The industry has seen the rise of some iconic brands with fascinating histories
arry and Esther Snyder started In-N-Out Burger in 1948 to offer busy Americans a convenient place for fresh, high-quality sandwiches. Their commitment to excellence resonated with the customers and their first stand in Baldwin Park thrived, selling 2,000 hamburgers in its first month.
Without relying on credit or franchising, In-N-Out gradually grew to 18 restaurants in Southern California by Harry’s passing in 1976. Their sons, Rich and Guy, took on different roles. Rich led the company and introduced innovative ideas like printing Bible verses on packaging while Guy, battling drug addiction after a severe motorcycle accident, leaned towards rebellion. After Harry’s death, Rich became company president, Guy became the executive vice president, and Esther the secretary-treasurer.
In 1992, In-N-Out celebrated the opening of its 80th restaurant in Las Vegas, marking significant expansion. Tragedy struck when Rich died in a plane crash in 1993, leaving Guy in his brother’s role. Under Esther’s guidance and with support from dedicated employees, In-N-Out continued to grow, reaching 124 locations by 1997. However, Guy’s life was cut short by a drug overdose in 1999. This left Esther and her teenage granddaughter, Lynsi Snyder, to navigate the company’s future.
Conflicts arose in 2006 when Richard Boyd, a longtime vice president, sued In-N-Out, accusing Lynsi and her second husband of attempting to seize control and enforce religious practices at work. The legal battle was resolved privately, resulting in Boyd’s departure.
In the same year, Esther passed away, leaving 24-year-old Lynsi as the sole leader of In-N-Out. Despite adversity, the company persevered and expanded to over 300 locations across the Western and Southwestern regions. Lynsi, who keeps a low profile, remains devoted to preserving her family’s vision and the company’s legacy. In a 2015 interview, she expressed reluctance to make the company public for financial gain, emphasising her deep connection to In-N-Out and her desire to honour her family’s aspirations.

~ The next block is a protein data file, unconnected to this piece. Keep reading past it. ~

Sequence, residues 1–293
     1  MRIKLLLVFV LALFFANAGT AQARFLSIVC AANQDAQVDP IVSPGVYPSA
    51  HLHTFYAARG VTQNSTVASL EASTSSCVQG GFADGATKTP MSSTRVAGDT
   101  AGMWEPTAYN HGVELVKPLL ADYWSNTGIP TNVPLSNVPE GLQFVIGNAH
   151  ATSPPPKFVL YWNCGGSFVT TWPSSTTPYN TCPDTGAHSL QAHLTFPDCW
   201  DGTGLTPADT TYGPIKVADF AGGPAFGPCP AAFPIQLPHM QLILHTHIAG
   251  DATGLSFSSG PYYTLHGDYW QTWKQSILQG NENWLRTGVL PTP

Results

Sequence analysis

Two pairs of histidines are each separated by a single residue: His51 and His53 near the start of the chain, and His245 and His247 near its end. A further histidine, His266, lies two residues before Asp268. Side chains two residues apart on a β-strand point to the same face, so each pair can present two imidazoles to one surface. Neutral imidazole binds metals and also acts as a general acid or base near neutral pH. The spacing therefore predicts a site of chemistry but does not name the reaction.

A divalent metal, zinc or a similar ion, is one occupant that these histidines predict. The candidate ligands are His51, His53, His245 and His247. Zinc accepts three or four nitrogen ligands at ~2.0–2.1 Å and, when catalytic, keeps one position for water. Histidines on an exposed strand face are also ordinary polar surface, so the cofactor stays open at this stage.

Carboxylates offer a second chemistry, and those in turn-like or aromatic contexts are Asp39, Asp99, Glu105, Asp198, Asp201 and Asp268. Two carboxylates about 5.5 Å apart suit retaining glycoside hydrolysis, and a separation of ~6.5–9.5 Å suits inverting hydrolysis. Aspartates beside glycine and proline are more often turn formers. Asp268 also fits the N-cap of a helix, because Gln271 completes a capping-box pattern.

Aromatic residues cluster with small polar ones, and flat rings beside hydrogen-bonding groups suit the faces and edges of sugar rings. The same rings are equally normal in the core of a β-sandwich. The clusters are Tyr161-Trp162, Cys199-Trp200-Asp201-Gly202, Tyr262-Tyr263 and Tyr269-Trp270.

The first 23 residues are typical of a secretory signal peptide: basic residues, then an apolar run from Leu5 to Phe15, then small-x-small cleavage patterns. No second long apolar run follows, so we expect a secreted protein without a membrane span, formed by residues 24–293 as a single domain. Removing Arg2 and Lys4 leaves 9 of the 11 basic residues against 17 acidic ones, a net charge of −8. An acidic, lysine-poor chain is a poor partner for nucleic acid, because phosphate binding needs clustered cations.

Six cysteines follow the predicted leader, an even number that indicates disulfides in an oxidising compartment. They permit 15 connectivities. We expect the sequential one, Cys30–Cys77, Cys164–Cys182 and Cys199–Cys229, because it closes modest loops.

In 1953, inspired by McDonald’s success, Keith Kramer and Matthew Burns opened multiple locations called Insta-Burger King. James McLamore and David Edgerton later bought the franchise rights and introduced the “flame broiler” to replace the broiler. They acquired the struggling Insta-Burger King company and renamed it Burger King.
In 1961, they launched the flame-broiled Whopper sandwich. Burger King Corporation was sold to Pillsbury in 1967 and became the second-largest US hamburger chain. Over the years, Burger King’s ownership changed hands, including acquisitions by TPG Capital and 3G Capital. In 2014, it merged with Tim Hortons, forming Restaurant Brands. Burger King regained its position as the second-largest US hamburger chain in 2018 and expanded its portfolio by acquiring Popeyes.
In 1941, Robert Oscar Peterson established Topsy’s Drive-In, later known as Oscar’s, in San Diego. He rebranded the El Cajon Boulevard location as Jack in the Box in 1951, introducing the drive-thru concept and a two-way intercom. The success led to all Oscar’s locations becoming Jack in the Box. Peterson’s innovation of concealing the intercom within a clown’s head revolutionised the drive-thru experience. In 1967, Peterson sold Jack in the Box to Ralston-Purina, with over 300 locations at the time.
Subway’s founder, Fred DeLuca, started his entrepreneurial journey in 1965 with the support of his friend Peter Buck. They opened a sandwich shop in Bridgeport, CT, initially called Pete’s Submarines. Despite early success, financial struggles and a name mix-up led to challenges. To project success, they opened a second store.
These initial shops helped finance DeLuca’s education. In 1974, they embraced franchising, propelling Subway’s growth to 100 stores by 1978 and 200 by 1982. They achieved their goal of 5,000 stores by 1990. By June 2021, Subway had over 37,000 global locations. DeLuca and Buck’s legacy lives on after their passing.